Some technologies seem to be perpetually touted as the ‘next big thing’ which will improve life if only politicians took investing in it seriously. Fusion and magnetic levitation trains are two that come to mind.
Yet other technological change rolls round remarkably quickly, leaving those same politicians scrabbling to catch up with its implications. The world wide web is the poster child for such changes.
That leaves me with mixed feelings about the ideas being touted to improve our public transport which I’ve been sifting through as party of my membership of the Liberal Democrat policy working group on public services.
From both inside and outside the party, there is a remarkable degree of innovation caution.
Lots of small idea to bring about incremental improvements, a fair number of big and expensive ideas which (their proponents argue) will bring matching big improvements, but little in the way of major technological innovation being touted.
Not even a demand from Lembit Opik that we make the Segway a central part of the country’s transport future.
In all that, I suspect people are being too cautious. I’m not about to be won over by tax breaks for hoverboards, but, ahem, the speed with which driverless cars are advancing means the transport world is likely to be very different by the time a big project like Crossrail2 or HS2 is completed.
Already driverless busses look set to make a serious debut in the UK by 2015, thanks to the Milton Keynes initiative.
They may therefore start appearing as a regular feature on those city’s roads before the next set of general election manifestos for the main parties even go to print.
Given the speed of their development on the one hand and the long development times for big transport projects on the other, I fear not just the party but those interested in transport more widely are trying to shape a future which, by the time it arrives, will be quite different from the one they are planning for.
Think just how quickly driverless cars have developed in the last five years alone – and then think how long it takes to get planning permission, let alone build or fit out, a big public transport project. Public transport plans now should already be factoring in the high likelihood of a near future in which cars no longer need humans to drive them.
Some of the benefits likely to accrue from this are brilliant – but do not require policy changes. A further improvement in road safety is likely for, as we have seen in other areas where automated machinery replaces humans in repetitive tasks, computers are more reliable, less sleepy and never drunk. Brilliant news for humanity (road deaths killed more people than genocides during the twentieth century after all), a useful saving for the NHS but not something with many knock-on policy impacts.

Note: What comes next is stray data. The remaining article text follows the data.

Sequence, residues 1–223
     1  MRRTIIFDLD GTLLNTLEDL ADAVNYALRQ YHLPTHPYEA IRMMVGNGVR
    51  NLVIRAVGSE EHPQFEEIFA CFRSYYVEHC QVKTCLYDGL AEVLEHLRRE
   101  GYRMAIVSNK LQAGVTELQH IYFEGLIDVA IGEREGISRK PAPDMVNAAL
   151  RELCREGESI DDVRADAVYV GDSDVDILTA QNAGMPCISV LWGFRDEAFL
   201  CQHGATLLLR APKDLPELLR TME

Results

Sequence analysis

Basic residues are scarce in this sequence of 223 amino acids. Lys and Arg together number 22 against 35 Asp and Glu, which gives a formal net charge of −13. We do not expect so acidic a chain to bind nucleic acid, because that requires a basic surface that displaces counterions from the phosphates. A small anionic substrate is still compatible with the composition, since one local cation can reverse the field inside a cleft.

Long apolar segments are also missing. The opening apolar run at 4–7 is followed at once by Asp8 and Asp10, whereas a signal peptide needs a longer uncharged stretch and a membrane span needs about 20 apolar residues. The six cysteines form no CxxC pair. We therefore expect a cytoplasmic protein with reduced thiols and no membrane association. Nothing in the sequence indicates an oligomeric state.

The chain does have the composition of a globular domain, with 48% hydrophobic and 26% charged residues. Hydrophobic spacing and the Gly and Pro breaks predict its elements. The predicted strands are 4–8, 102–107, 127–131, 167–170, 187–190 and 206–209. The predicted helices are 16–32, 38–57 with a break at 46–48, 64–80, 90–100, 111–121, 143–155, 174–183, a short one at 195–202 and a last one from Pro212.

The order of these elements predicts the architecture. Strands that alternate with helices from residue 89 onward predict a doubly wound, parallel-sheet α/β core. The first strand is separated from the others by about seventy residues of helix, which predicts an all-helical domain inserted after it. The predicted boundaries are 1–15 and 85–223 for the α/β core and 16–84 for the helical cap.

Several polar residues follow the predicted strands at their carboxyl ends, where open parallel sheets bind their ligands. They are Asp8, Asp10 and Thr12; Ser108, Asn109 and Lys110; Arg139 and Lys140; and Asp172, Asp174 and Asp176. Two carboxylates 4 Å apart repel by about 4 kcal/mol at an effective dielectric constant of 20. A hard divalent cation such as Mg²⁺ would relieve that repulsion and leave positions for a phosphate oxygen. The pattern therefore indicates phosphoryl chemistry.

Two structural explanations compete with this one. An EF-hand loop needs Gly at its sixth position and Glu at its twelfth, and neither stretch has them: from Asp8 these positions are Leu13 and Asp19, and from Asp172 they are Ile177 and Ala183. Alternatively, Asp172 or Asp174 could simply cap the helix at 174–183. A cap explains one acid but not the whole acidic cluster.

Other changes are likely to be more troubling. Think what a significant part of the local economy of some ethnic minority communities is provided by the minicab trade, for example. As mechanisation (driverless cars) drives out low-skilled workers (minicab drivers) there is no guarantee that the economic transition for those most affected will be smooth or quickly. The long-run benefits to us all may be immense, but as previous such mechanisations have shown, the short-run pain for some can be great.
There will also be a one-off regulatory requirement and opportunity as driverless cars start appearing, to set the rules under which they perform and before new entrenched vested interests and the inertia of history make change hard. For example, from day one the tax treatment of driverless cars could strongly encourage sharing, so that we move away from the situation where one of the most expensive items in many household’s expenditure is also an item left unused for large parts of the day.
It would make transportation cheaper and greener if cars were shared far more – but that also requires a psychological shift for which there is an opening when a new technology gets introduced.
Those are a mere couple of examples. But more and more it seems to me that transport policies which do not factor in driverless cars will be looking antiquated before the projects they contain are completed.
Francois Hollande has laid out a 10-year roadmap to revive French industry by promoting new technologies such as self-driving cars to spur job creation, but which offered little public money from stretched state coffers…
“France is a nation of inventors, pioneers and producers,” Hollande said Thursday, citing France’s role in previous centuries and decades in developing technologies from the steam engine to hot-air balloons and rechargeable batteries.